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A good example of economics done properly
This article entitled "We Know What Causes Trade Deficits", by Joseph Gagnon at the Peterson Institute for International Economics, is a good of example...
The basics of basic income
Basic income schemes cannot work and distract from sensible, feasible and necessary welfare reforms.
Economic Ideas You Should Forget: The Axioms of Revealed Preference
John's contribution to this book, published by Springer in March 2017.
The economics and politics of manufacturing fetishism
As politicians vie with each other to express their love of manufacturing industry, John pulls together thoughts developed over three decades on what he has come to call the 'manufacturing fetish'.
Simple arithmetic shows why basic income schemes cannot work
Swiss voters will decide in a referendum on June 5 whether to introduce a “basic income”. In proposed reforms to the social welfare system, all residents would be entitled to a guaranteed income of SFr30,000 ($30,275) a year from the state — unconditionally. It has attractions for people at both ends of the political spectrum, but is it workable?
No savings glut, investment opportunities abound
The belief that the zero lower bound to interest rates is a significant obstacle to stimulating demand supposes that there is a host of projects that promises a prospective return less than zero but more than, say, minus one half per cent. This completely misunderstands the nature of the barriers to long-term productive investment. We need less financial ingenuity and more common sense.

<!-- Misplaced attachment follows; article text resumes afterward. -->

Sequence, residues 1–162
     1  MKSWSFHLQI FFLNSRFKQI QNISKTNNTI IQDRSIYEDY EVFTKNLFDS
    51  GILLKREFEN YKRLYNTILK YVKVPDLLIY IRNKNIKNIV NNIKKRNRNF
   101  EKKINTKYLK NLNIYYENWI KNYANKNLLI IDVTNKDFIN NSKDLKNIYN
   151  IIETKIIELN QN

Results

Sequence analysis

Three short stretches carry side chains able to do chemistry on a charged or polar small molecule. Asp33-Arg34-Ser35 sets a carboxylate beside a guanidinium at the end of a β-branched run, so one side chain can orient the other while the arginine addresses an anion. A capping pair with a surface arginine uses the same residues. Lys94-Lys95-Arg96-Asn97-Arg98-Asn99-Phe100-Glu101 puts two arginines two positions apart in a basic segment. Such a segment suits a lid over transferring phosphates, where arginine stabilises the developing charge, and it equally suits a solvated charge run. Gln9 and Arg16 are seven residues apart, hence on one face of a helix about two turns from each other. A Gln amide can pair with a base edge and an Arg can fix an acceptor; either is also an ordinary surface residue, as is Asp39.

Trade debate in EU referendum should focus on UK as world...
Britain has a trade surplus in almost every service sector except tourism. As a result, world trade negotiations have not played to British strengths because advanced economies tend to trade freely in manufactures but retain home-country bias in their purchases of services. This should frame any debate on trade in the EU referendum.
Famous quotes may be apocryphal yet illuminating
Even if Keynes’s last words were not regret “at not having drunk enough champagne”, the story tells us something true about the man. Well chosen phrases gain currency not by virtue of their provenance, but because they meet the (accurately quoted) requirements of Alexander Pope: “What oft was thought, but ne’er so well express’d”.
Lower business rates would benefit property owners not retailers
Retailers have recently complained about the level of business rates. However, were this property tax is reduced their joy will be short lived. Business rates are both a tax on land and a tax on structures, and in the longer term all we would see is higher property values and rents, especially in prime locations.
Beware “mathiness”: The use of algebra and data to reinforce ideological...
It is characteristic of science to give precise meaning to concepts and the basis of their measurement. Economics is genuinely harder. Yet it is all too easy to write a mathematical symbol without giving thought to what observable fact in the real world corresponds to that symbol.